Angry words and actions find their way into the church just like anywhere else. The angry person could be member of the church or a stranger. Angry situations can quickly escalate into violence, even, homicide. There are some steps that church leaders can take to calm angry people and protect the flock.
The first step is to calm yourself. Take a deep breath. Don't let the other person get under your skin. You need to be calm to properly assess the situation.
Choose your battles wisely. It is not necessary to address every perceived wrong. Let minor things slide. Will your actions advance the gospel? God calls us to do justice and to love mercy and to walk humbly.
Be respectful at all times. Don't respond with anger or sarcasm. Speak softly, using I rather than you statements. Avoid judgments, accusations and absolutes.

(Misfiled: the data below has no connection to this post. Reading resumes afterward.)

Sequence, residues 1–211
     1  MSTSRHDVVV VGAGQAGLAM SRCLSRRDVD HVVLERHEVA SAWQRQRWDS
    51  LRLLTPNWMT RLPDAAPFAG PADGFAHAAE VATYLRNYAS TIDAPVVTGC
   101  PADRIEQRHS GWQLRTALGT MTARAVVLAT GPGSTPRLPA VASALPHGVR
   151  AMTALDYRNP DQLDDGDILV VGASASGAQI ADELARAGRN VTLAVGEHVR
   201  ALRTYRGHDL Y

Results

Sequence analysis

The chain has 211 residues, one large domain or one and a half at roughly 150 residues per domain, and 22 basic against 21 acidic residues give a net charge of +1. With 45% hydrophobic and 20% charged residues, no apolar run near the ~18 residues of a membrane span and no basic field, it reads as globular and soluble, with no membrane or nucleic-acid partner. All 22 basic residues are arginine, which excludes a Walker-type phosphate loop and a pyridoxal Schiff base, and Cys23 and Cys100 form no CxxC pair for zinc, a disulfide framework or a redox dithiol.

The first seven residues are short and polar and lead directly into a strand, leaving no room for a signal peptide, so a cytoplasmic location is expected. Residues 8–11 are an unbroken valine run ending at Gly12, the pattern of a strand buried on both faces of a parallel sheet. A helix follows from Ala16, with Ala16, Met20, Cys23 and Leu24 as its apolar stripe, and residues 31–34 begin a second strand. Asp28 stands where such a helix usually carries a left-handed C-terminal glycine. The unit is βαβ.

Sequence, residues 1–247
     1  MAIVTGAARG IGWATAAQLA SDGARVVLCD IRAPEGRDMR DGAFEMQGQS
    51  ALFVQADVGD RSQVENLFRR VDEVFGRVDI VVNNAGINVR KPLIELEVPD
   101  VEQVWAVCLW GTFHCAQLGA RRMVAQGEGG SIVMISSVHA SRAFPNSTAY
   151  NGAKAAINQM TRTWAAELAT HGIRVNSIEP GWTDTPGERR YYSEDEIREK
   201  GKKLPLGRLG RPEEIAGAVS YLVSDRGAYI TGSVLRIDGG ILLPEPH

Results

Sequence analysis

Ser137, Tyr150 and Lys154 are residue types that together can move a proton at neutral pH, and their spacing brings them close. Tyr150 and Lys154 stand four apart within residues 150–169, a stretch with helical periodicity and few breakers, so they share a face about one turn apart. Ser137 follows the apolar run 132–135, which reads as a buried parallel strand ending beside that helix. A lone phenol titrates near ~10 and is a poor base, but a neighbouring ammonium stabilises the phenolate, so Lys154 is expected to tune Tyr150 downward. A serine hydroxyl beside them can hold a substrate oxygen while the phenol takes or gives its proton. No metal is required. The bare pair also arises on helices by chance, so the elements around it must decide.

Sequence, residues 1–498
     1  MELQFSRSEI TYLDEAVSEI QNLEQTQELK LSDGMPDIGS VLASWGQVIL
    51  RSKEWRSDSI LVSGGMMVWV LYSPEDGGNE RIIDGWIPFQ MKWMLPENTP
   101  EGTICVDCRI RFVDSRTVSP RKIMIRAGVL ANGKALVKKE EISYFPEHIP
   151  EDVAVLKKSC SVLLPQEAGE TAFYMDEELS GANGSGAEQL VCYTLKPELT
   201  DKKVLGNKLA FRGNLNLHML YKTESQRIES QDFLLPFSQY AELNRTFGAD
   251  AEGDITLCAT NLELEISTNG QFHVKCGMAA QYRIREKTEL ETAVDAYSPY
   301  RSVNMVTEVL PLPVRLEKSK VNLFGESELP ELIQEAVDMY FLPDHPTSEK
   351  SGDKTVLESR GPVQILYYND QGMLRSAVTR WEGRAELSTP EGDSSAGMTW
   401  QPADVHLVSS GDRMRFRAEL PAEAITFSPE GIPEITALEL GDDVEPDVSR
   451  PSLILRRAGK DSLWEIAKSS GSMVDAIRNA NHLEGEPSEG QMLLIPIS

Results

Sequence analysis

Don't let your body language reveal your tension. Uncross your arms, relax and avoid gestures that may be seen as aggressive.
Let the other person speak first and listen to what the other person is saying. They might rant for a few minutes and get what they need to say off their chest. A person is more ready to listen when his rage is spent. Make sure they know you understand. Use active listening techniques to clarify what you’ve heard.
Stay focused on what you want to happen. Don't get caught up in side issues. Ask for what you need in clear and non-accusatory manner. Let the person have the last word. They will probably leave as soon as they had their say.
You can protect yourself from a violent assault by maintaining distance. You can also create a barrier by sitting down across a table. The act of sitting also helps to calm things.
Never touch an angry person! This can quickly turn an emotional situation into a physical one.
If you feel that a person is out of control or bent on violence, call 911. A person who is impaired by drugs, alcohol or mental illness can be unpredictable and beyond the capacity of a non-professional to handle. However, your calm demeanor can help prevent an escalation.
Most cases involving anger are minor issues that can be quickly resolved by listening and staying calm.